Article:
An unexpected Christmas storm buried parts of New York and Pennsylvania with more than six feet of snow that took days to dig out from.  While this part of the country is accustomed to seeing a lot of snowfall in a short amount of time, this storm was almost too much for even the most-seasoned residents to contend with.

Not only did roads become impassable, but dozens of people were trapped in their homes as snow drifts piled up outside of their doors and windows.  There were even a couple of cases where rescuers needed the help of excavation companies to provide backhoes in order to dig people out.  Fortunately, there were no reports of roofs collapsing or widespread power outages that would have made problems worse, and most people were rescued within a day after the snow stopped falling.

Plan Ahead

While these types of storms are rare, they can wreak havoc on communities when they occur.  This is why it’s so important to prepare ahead of time, just to be safe.  Imagine waking up and finding that you can’t open your door, or maybe your roof collapses from the weight of the snow.  How would you manage if you were trapped inside for a few days?  What would you do if the power or phone service goes out?  What would you do if your pipes freeze or crack from the cold?

Prepare Wisely

These are just a few examples of problems that are commonly-associated with severe winter storms and why it’s so important to factor them into your emergency planning.  While some people do what they can to prepare at the last minute once they know a storm is on the way, like getting some extra food from the store or gassing up their vehicles, they may not do much good if someone can’t get out of their driveway or use their stove for cooking.   However, having a good survival kit or two on hand can provide you with access to resources that can be used immediately to help keep you safe, fed and warm until you can get dug out.  Consequently, it’s important to be prepared for the possibility that you will need to fend for yourself for an extended period of time.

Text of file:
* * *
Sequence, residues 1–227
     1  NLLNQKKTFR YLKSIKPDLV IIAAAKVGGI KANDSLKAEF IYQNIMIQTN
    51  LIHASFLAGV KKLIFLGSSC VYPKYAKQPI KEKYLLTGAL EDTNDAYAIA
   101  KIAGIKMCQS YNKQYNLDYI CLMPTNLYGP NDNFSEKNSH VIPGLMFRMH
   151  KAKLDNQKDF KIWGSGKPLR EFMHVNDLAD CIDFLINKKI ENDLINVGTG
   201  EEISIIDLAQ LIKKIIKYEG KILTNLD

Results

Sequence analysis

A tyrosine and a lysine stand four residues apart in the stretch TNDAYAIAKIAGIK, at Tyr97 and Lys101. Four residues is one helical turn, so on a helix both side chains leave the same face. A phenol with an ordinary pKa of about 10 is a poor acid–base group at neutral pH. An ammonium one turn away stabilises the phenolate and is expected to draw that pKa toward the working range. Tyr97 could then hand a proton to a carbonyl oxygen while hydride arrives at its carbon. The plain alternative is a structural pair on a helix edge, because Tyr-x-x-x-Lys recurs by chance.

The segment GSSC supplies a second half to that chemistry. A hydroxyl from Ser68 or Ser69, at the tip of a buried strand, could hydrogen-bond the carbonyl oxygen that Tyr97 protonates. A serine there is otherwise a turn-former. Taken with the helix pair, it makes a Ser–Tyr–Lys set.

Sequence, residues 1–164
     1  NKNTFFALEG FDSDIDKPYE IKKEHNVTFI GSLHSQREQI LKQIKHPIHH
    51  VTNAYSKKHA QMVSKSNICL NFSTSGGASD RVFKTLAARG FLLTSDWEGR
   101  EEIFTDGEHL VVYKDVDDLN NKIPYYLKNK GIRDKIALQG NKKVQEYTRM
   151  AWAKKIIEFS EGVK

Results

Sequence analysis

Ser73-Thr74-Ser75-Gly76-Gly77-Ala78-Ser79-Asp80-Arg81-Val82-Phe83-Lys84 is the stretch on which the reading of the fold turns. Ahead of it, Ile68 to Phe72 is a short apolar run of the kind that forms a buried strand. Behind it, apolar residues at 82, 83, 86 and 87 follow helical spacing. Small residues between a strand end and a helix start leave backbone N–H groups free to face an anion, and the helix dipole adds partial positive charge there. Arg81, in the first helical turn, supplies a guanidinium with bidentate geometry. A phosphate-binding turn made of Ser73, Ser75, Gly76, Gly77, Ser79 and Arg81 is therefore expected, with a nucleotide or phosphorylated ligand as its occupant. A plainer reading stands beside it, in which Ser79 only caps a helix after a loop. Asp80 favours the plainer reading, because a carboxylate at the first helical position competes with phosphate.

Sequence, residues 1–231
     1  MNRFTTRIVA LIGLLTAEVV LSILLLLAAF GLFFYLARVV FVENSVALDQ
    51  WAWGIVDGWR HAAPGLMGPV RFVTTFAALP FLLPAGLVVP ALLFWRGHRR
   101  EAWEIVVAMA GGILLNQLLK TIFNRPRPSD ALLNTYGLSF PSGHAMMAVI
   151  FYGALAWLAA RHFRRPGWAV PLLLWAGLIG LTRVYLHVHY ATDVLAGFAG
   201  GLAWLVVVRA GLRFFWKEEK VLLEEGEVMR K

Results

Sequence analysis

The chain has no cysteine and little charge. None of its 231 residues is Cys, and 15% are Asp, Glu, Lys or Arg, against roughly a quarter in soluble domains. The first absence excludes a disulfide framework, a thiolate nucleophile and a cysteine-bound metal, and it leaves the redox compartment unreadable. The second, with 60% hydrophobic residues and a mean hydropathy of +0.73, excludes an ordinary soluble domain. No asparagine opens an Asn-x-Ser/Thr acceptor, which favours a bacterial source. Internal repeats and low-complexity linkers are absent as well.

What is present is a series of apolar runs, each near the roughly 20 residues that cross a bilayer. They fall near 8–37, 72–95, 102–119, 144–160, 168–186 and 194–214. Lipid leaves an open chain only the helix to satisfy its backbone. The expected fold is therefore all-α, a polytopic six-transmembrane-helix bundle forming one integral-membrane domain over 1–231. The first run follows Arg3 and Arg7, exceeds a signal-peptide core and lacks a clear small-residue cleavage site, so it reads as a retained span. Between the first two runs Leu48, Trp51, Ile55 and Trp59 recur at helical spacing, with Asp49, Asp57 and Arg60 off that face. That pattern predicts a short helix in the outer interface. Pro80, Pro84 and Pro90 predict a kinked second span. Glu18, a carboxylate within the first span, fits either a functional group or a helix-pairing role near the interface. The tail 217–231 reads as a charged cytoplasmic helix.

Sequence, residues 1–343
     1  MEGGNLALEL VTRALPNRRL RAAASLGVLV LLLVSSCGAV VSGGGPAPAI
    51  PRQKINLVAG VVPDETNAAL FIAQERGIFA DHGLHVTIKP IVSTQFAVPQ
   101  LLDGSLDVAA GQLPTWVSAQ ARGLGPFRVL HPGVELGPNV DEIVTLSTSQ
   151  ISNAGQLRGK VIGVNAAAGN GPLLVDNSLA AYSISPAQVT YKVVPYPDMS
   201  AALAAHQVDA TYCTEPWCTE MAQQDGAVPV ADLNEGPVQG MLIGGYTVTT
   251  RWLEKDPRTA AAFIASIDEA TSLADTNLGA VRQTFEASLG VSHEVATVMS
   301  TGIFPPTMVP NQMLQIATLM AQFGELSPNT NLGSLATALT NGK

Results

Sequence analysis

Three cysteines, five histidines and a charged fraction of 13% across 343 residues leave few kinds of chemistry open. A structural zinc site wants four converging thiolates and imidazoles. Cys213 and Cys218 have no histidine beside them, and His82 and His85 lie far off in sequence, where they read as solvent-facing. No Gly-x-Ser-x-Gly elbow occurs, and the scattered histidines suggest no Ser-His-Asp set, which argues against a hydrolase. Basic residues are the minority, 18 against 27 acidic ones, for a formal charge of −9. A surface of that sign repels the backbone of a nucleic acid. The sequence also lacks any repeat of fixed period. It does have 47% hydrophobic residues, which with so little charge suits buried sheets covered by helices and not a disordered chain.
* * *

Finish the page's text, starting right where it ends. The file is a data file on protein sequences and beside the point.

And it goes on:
Think About Various Contingencies

Take some time to think about how you would cope with not being able to cook or get access to fresh water.  Consider how you could keep you and your family warm if the heater breaks down.  What would you do if someone gets injured or becomes sick but help can’t make it to your location?  These are good questions to start with, but think of others along similar lines as well.  This will help you to  paint a picture of what kind of items you’ll need in order to be able to hunker down for a few days.

Let this freak storm serve as a reminder of the importance of being prepared for the unexpected.  While there may be little that you can do to avoid getting buried under a mountain of snow, the more you plan now can make life a lot easier to manage when that time comes.